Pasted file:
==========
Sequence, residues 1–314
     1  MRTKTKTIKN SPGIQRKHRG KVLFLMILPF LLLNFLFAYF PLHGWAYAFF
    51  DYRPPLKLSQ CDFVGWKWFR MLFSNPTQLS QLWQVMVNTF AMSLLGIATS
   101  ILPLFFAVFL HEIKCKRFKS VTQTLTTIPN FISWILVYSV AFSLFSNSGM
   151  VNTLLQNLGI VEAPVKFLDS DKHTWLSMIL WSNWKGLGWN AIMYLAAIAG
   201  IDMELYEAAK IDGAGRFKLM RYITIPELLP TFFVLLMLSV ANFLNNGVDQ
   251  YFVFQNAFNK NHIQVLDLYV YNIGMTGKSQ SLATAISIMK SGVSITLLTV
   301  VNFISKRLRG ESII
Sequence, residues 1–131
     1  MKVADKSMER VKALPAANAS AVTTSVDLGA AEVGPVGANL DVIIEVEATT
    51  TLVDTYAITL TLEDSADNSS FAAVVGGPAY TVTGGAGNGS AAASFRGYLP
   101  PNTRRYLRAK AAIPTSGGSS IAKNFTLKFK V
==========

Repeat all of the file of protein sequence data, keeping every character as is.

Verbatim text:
Sequence, residues 1–314
     1  MRTKTKTIKN SPGIQRKHRG KVLFLMILPF LLLNFLFAYF PLHGWAYAFF
    51  DYRPPLKLSQ CDFVGWKWFR MLFSNPTQLS QLWQVMVNTF AMSLLGIATS
   101  ILPLFFAVFL HEIKCKRFKS VTQTLTTIPN FISWILVYSV AFSLFSNSGM
   151  VNTLLQNLGI VEAPVKFLDS DKHTWLSMIL WSNWKGLGWN AIMYLAAIAG
   201  IDMELYEAAK IDGAGRFKLM RYITIPELLP TFFVLLMLSV ANFLNNGVDQ
   251  YFVFQNAFNK NHIQVLDLYV YNIGMTGKSQ SLATAISIMK SGVSITLLTV
   301  VNFISKRLRG ESII
Sequence, residues 1–131
     1  MKVADKSMER VKALPAANAS AVTTSVDLGA AEVGPVGANL DVIIEVEATT
    51  TLVDTYAITL TLEDSADNSS FAAVVGGPAY TVTGGAGNGS AAASFRGYLP
   101  PNTRRYLRAK AAIPTSGGSS IAKNFTLKFK V